Each module is delivered in intensive learning blocks of typically three days (25 hours), which are followed by self-directed learning supported by experienced tutors.
Assessment is by a 4,000-word written assignment or its equivalent – e.g. poster presentation. Research projects may be laboratory or work based under the direction of an individually allocated supervisor.
If you are interested in this courses we have a number of opportunities to visit us and our campuses. To find out more about these options and to book a visit, please go to: https://www1.chester.ac.uk/study/postgraduate/postgraduate-visit-opportunities
If you would like to know more about the University please request a prospectus at: http://prospectus.chester.ac.uk/form.php
This new three year part-time Masters programme, taught entirely online, is jointly offered by the University of Edinburgh and the Royal College of Surgeons of Edinburgh and leads to the degree of Master of Science (MSc). It has been developed in partnership with NHS Education for Scotland (NES).
Aimed primarily at optometrists seeking formal postgraduate training in community-based clinical care, this programme is also highly relevant for medical and surgical trainees entering specialty training in ophthalmology.
This degree is aligned with the curricula of both the FRCSEd and FRCOphth examinations in the United Kingdom and Ireland, making it very attractive to domestic and international students.
This programme is aimed at supporting optometrists seeking formal postgraduate training in community-based clinical care and also medical and surgical trainees entering specialty training ophthalmology.
This programme gives trainees first-rate preparation for the Fellowship of the Royal College of Surgeons of Edinburgh (FRCSEd) and Fellowship of the Royal College of Ophthalmologists (FRCOphth) examinations or equivalent, with additional emphasis on acquired knowledge and its application.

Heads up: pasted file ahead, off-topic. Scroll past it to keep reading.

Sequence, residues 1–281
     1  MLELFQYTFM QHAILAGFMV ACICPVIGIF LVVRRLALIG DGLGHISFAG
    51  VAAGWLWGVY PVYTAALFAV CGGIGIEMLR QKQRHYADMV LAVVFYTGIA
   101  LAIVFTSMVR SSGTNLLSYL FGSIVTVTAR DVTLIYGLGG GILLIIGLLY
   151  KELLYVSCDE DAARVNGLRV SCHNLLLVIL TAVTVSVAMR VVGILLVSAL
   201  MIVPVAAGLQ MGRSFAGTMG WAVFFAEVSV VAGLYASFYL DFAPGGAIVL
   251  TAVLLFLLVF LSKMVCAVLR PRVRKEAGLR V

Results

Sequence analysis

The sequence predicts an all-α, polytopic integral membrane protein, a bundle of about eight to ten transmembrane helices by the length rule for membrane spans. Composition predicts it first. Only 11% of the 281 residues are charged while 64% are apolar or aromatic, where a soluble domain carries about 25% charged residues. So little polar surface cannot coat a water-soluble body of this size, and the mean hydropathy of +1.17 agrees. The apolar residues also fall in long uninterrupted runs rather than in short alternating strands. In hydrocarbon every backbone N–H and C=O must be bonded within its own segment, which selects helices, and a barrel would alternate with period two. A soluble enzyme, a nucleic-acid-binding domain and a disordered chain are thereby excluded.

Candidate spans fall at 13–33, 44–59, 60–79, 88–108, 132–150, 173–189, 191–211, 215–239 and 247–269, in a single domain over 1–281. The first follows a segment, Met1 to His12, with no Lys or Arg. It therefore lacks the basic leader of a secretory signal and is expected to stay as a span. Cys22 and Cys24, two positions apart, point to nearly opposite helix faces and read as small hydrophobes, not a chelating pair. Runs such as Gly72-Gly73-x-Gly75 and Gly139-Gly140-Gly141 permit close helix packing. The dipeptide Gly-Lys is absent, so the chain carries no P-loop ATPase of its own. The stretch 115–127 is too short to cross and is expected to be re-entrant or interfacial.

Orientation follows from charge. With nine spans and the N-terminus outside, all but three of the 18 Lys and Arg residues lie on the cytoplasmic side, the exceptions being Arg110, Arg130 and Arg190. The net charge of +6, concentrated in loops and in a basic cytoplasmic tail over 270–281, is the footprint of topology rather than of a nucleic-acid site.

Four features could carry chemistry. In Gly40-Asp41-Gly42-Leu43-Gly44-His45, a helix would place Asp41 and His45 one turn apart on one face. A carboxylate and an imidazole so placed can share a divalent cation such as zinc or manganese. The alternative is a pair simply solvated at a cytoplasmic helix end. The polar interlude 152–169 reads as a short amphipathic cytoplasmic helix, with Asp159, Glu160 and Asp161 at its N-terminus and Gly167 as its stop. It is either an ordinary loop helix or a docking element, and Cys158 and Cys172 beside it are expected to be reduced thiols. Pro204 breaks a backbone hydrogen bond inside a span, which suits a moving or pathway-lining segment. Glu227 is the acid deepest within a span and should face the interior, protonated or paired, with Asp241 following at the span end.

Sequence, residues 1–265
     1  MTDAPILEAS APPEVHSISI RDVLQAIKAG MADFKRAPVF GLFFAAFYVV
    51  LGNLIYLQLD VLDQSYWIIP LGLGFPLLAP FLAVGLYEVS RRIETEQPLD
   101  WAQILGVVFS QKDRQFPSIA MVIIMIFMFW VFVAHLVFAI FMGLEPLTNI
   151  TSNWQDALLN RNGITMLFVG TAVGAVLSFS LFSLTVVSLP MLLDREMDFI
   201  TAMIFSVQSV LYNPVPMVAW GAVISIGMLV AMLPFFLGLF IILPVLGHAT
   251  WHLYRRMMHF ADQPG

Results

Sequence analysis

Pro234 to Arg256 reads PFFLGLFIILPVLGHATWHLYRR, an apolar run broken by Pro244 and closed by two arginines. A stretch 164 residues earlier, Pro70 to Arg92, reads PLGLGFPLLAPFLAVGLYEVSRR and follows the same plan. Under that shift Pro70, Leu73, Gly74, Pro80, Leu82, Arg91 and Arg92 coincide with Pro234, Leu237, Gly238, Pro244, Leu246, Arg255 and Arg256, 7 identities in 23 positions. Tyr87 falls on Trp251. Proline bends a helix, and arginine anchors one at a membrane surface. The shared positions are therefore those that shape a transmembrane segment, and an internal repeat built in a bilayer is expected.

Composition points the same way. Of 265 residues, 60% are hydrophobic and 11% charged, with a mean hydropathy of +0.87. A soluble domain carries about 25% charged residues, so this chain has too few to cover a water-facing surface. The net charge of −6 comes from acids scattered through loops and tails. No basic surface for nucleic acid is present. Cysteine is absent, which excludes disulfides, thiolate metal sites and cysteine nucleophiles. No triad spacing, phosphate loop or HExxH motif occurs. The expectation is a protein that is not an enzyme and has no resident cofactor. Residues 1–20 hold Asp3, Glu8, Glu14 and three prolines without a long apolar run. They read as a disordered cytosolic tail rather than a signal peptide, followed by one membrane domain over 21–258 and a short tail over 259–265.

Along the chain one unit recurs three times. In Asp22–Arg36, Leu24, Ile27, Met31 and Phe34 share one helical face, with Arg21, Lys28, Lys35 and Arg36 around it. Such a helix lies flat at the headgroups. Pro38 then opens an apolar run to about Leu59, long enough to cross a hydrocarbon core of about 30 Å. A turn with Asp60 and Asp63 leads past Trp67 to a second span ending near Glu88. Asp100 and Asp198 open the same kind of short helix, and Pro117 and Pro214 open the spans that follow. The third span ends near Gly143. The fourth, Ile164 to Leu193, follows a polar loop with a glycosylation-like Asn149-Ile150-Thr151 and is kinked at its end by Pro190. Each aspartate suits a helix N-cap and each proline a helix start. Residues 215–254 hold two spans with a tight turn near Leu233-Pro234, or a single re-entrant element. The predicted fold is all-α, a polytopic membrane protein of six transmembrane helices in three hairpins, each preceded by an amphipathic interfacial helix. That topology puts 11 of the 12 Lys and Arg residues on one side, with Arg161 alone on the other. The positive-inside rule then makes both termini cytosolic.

The third-year MSc research project also serves as an opportunity to develop an academic career.
The programme is taught entirely online. Students are supported by synchronous and asynchronous discussion with e-tutors - all leading clinicians in their field - and have access to a large learning resource, including subscriptions to key online books and journals. Students will be expected to lead e-seminars and e-journal clubs.
Our online learning technology is fully interactive, award-winning and enables you to communicate with our highly qualified teaching staff from the comfort of your own home or workplace.
Our online students not only have access to Edinburgh’s excellent resources, but also become part of a supportive online community, bringing together students and tutors from around the world.
The programme is headed up by Professor Baljean Dhillon.
Delivered through an online learning environment, this programme runs on a semester basis over three years and involves approximately 10-15 hours of study each week in a flexible, modular manner. All modules are compulsory and are taught and assessed using a clinical problem-based approach and involve participation in discussion boards and reflective portfolios.
Students accumulate credits by completing a series of modules leading to a Postgraduate Certificate, Postgraduate Diploma or Master of Science degree. The minimum time for completion of the full Masters programme is three years, and the maximum time for completion is six years.
At the certificate and diploma levels, students must attend an end-of-year examination, held in Edinburgh for UK-based students or with a pre-approved partner institution for international students.
Year 1: Certificate
Year 2: Diploma
Year 3: Masters
The final year involves a supervised masters research project, which will be undertaken in an approved topic that reflects your subspecialty interest and will require the submission of a written project report.
This programme is designed for:
The award of MSc will highlight the student’s commitment to continuing professional development in their chosen career and will ensure a competitive edge when applying for clinical positions. The MSc will also help prepare them for an academic or research career.